Wednesday, 20 February 2019 Sydney

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Economic Development


Our city’s role as an increasingly dominant regional service centre is underpinned by a strong regional economy based in manufacturing, health and community services, education, logistics, wholesale trades, and tourism and hospitality. The regional economy is dynamic and vibrant, making it well placed to cope with future structural changes resulting from the needs of an ever-changing demographic profile.

Economic Profile


The picture of the Tamworth regional economy that emerges from the statistical analysis is of a local economy that is weathering the global economic downturn. The latest Economic Performance Report (2010) commissioned by Council shows that the regional economy has generally performed well against regional and state benchmarks. In particular, new business registrations in Tamworth region increased slightly between February 2010 May 2011 demonstrating a positive level of business confidence in the local economy. A detailed picture of the socio-demographic profile of our community is also available from the easy to use charts, tables and maps of the Community Profile and Atlas.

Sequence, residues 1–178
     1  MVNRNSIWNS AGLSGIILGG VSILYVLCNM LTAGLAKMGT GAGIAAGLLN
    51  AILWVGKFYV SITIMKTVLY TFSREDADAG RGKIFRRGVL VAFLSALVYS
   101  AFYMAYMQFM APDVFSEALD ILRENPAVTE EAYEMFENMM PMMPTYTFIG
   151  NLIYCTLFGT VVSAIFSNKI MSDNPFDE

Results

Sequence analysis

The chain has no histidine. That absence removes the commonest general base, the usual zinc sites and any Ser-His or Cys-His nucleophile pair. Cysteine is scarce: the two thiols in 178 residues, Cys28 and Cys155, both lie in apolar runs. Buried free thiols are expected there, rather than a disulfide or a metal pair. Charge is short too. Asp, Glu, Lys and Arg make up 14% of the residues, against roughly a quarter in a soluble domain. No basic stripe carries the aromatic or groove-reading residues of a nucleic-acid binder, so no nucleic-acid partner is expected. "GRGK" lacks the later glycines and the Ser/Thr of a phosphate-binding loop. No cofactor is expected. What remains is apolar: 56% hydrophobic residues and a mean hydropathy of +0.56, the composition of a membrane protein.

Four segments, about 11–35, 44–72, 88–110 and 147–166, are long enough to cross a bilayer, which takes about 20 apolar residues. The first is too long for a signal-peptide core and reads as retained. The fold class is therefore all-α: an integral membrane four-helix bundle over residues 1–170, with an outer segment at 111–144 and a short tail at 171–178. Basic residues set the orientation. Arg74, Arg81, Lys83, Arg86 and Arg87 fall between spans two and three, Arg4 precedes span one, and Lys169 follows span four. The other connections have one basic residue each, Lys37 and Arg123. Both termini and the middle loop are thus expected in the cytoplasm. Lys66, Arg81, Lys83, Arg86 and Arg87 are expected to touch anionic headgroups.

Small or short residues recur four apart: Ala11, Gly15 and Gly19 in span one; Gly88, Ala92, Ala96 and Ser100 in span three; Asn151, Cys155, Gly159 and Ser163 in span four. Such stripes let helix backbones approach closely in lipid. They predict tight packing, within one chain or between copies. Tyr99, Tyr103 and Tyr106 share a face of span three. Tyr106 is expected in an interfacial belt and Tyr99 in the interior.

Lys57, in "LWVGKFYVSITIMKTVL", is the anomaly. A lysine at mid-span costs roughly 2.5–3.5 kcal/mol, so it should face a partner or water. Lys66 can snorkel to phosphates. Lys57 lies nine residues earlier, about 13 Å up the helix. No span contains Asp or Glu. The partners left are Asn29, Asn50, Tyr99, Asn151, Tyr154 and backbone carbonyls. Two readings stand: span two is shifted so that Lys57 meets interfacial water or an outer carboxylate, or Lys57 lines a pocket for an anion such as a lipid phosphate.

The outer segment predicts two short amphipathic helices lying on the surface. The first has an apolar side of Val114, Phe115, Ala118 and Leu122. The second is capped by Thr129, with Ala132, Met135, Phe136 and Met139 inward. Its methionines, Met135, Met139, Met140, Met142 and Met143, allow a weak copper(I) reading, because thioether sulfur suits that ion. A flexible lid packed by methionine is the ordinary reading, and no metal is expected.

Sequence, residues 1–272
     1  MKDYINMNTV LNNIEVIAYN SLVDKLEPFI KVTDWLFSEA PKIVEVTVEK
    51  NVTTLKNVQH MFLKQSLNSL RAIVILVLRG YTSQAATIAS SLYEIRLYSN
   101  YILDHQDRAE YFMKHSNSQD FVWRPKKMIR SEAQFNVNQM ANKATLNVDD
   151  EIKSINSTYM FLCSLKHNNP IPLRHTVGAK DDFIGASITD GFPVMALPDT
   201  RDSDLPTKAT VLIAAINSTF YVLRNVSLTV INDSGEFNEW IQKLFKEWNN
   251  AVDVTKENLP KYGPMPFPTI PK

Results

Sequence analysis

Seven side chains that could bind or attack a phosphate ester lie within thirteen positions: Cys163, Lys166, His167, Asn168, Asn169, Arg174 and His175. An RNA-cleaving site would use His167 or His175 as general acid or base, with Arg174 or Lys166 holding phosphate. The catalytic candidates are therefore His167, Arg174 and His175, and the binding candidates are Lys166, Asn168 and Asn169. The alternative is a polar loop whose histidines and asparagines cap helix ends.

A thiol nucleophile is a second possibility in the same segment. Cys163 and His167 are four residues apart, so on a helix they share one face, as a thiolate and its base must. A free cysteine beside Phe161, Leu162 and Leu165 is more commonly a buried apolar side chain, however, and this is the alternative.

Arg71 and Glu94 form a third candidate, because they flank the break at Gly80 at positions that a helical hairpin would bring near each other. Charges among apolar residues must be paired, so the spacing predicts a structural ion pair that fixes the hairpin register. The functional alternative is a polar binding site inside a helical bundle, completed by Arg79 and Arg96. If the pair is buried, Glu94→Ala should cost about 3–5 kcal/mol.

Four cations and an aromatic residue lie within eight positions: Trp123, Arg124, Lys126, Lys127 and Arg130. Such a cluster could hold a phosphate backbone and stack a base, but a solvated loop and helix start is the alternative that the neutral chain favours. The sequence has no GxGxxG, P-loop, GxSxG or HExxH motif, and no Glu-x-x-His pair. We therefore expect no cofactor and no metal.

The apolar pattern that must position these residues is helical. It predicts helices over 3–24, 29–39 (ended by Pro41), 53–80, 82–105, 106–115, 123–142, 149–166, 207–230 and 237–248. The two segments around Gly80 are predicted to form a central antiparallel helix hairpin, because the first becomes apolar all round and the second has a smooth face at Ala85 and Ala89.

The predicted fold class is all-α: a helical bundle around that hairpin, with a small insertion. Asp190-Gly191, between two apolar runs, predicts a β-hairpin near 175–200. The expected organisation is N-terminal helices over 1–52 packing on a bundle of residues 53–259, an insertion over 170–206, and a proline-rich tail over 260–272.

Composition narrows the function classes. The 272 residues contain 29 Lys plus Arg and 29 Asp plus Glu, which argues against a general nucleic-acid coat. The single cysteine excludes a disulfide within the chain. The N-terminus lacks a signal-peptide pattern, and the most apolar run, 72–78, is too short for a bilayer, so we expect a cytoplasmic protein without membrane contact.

Regional Economic Development Program


Council's Regional Economic Development Program provides a platform for the strategic co-ordination of resources and planning for the next 10 to 15 years. The staged release will provide the region's industries, businesses and residents with a series of insightful documents for business planning and educational purposes. Stage I has identified the region's strategic assets and potential opportunities for future innovation, diversification and growth.


Community Economic Development Programs


The Department of State and Regional Development has two community funding programs to revitalise communities throughout NSW by providing them with assistance and guidance. The Main Street/Small Towns Program (MS/STP) is aimed at larger communities with populations of 1,500 – 15,000 people. The Towns and Villages Futures Program (TVFP) is aimed at small villages and communities with populations less than 2,500. The Department’s community economic development programs provide a framework for local skills and resources to implement practical, achievable community and business projects. Community workshops develop a community plan with an agreed vision for the future, an assessment of the community's strengths and weaknesses and agreed projects to address the issues. Over the last few years, four of the region's communities, Barraba, Bendemeer, Manilla and Nundle have developed Community Economic Development Plans.


Council Owned Land


Under the Local Government Act 1993, all Council owned land is classified as either Community or Operation land, which restricts whether Council can sell or lease the land. There are currently no Council properties for sale or lease in the region.